The BBC's Kwaku Sakyi-Addo is keeping a diary as Ghana prepares for presidential polls on 7 December. Here he ponders the education minister's proposal to extend schooling. I was talking to Education Minister Kwadwo Baah-Wiredu and the minority spokesman for education, Kosi Kedem.
This was on the Front Page, the live radio current affairs programme I've hosted for the past ten years on Joy FM.
We were discussing a new educational system, which the government announced on 4 November.
They are extending the secondary school system by a year to seven years, because these days the kids are still clueless after six years in secondary school.
So we'll have three years of junior high school and four years of senior high.
A two-year pre-school programme will also become part of the free compulsory primary education programme so that the kids have some foundation before their first day at real school. Okay.
Kids who're unable to make the transition to senior high and who wish to go into trade apprenticeships will get a year's financial support from the government.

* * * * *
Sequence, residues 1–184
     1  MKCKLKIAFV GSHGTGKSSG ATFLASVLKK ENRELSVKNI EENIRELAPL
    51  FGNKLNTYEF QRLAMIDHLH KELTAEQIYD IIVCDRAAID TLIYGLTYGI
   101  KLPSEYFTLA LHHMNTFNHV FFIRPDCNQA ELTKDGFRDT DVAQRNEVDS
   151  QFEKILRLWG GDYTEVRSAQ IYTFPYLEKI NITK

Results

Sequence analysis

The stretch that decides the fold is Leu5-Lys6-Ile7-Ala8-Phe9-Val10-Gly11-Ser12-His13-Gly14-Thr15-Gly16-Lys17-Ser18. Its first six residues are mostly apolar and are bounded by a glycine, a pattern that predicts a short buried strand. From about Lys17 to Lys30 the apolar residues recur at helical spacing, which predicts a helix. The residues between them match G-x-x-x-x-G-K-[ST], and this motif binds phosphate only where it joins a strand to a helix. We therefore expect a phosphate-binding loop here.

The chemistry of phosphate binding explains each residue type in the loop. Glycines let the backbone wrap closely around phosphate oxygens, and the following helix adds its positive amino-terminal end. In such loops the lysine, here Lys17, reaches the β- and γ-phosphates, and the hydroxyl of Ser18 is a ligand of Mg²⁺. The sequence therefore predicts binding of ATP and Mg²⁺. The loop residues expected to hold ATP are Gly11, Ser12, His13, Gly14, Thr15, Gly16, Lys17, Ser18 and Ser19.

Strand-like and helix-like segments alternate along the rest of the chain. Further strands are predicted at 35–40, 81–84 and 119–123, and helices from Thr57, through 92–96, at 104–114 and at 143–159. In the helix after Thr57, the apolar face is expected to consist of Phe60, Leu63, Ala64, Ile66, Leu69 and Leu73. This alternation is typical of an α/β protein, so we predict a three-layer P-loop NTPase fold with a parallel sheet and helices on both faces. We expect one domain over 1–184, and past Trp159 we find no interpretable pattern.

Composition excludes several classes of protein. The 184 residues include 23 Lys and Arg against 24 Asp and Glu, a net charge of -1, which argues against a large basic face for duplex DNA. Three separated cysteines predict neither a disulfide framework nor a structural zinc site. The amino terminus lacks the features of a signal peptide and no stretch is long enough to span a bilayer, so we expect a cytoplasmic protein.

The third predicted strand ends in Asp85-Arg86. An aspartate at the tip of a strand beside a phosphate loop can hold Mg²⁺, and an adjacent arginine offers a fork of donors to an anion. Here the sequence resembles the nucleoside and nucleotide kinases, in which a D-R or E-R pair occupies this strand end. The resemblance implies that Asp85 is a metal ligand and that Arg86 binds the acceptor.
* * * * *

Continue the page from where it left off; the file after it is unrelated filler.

Teachers won't go on compulsory retirement after 60, because there's a huge number of vacancies to be filled. I'll make the switch to teaching at 59!
Trainee teachers will now specialise in specific subject areas and earn diplomas, whilst teacher-training colleges receive more facilities.
Anybody out there got a quarrel with that? I don't see any hands up. Not even Kedem's?
Well, actually, Kedem did have a question for Mr Baah-Wiredu: "Where's my honourable friend on the other side going to find the three trillion cedis this is going to cost?" Kedem asked the minister. (By the way, one dollar is equal to 9,500 cedis so you can go break it down).
If anyone wants my vote, they'll have to make a more convincing case than if
"If there's a will, we'll find a way!" was the kernel of Mr Baah-Wiredu's response.
In the opposition NDC's manifesto, they also swear that tuition, books, uniforms, sports equipment, pins, needles and buttons will all be free for all children in primary school.
And how do they propose to settle these freebies at the till?
"Well, if the president didn't travel so much, and if we're able to spread the tax net and if we cut cost and if, if, if... "
A few years ago, I went to the Bahamas. I fell in love with the islands. I would've bought all of them outright, if only I had the money.
If anyone wants my vote, they'll have to make a more convincing case than if.